Make-ahead



[meyk-uh-hed] /ˈmeɪk əˌhɛd/

adjective
1.
that can be prepared in advance:
a make-ahead casserole.

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  • Make a hit

    verb phrase To be successful; be received with approval, gratitude, etc: She made a hit with my family (1829+) 1. Also, be a hit. Achieve (or be) a success, especially a popular one, as in She made a big hit in this performance, or In out-of-town tryouts the play was already a hit. This seemingly […]

  • Make a killing

    verb phrase To get a large, quick profit; win hugely: Where did he get all that money? Made a killing on the stock market, he says (1888+) Enjoy a large and quick profit, as in They made a killing in real estate. This expression alludes to a hunter’s success. [ ; late 1800s ]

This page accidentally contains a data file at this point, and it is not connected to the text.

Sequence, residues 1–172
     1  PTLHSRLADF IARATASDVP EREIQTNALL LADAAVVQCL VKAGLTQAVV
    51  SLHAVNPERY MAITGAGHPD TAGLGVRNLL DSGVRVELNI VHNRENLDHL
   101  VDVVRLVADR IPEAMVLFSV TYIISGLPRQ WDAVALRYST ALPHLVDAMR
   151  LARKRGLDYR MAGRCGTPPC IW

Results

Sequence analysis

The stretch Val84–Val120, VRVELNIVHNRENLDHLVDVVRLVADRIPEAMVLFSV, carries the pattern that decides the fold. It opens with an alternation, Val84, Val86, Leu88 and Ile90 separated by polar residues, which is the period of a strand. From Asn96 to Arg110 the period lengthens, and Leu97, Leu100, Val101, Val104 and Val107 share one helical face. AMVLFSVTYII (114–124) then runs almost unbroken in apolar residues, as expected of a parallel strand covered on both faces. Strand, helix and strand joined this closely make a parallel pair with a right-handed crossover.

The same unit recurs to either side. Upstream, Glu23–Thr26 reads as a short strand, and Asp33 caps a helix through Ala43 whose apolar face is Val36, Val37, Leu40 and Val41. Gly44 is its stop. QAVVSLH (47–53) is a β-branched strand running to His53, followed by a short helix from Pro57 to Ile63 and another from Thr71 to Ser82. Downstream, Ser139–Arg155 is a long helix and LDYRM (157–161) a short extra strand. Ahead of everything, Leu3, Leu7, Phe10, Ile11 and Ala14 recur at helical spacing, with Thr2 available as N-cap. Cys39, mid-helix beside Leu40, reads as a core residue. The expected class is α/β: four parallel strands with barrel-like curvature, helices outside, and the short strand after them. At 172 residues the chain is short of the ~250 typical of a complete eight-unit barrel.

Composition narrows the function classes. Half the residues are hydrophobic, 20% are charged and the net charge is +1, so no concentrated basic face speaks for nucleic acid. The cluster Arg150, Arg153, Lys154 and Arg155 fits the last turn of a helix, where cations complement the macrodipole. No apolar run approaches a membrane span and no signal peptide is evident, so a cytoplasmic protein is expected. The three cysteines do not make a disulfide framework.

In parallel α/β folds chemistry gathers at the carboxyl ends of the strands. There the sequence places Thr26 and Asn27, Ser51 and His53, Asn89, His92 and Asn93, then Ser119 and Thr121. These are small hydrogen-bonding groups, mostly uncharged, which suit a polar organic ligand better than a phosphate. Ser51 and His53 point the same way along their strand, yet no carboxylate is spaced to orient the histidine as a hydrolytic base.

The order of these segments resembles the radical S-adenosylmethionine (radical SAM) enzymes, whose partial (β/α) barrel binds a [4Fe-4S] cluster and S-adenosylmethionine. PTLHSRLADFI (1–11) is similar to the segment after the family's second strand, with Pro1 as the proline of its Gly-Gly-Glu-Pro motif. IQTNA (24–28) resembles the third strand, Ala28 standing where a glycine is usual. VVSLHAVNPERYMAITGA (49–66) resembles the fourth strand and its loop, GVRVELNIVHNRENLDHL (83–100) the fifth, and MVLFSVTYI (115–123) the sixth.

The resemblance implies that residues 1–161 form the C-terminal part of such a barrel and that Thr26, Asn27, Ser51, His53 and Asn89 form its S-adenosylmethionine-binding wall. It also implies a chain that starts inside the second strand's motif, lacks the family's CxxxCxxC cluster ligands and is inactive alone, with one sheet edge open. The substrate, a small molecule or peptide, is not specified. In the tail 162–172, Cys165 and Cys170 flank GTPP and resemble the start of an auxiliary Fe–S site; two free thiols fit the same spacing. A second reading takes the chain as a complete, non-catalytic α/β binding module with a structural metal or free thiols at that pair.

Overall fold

• Make a laughingstock of

    Lay open to ridicule, as in They made a laughingstock of the chairman by inviting him to the wrong meeting-place, or She felt she was making a laughingstock of herself, always wearing the wrong clothes for the occasion. The noun laughingstock replaced the earlier mockingstock and sportingstock, now obsolete. The idiom was first recorded in […]

  • Make a living

    Earn enough to support oneself, as in Can he make a living as a freelance trumpeter? This term was first recorded in 1632.



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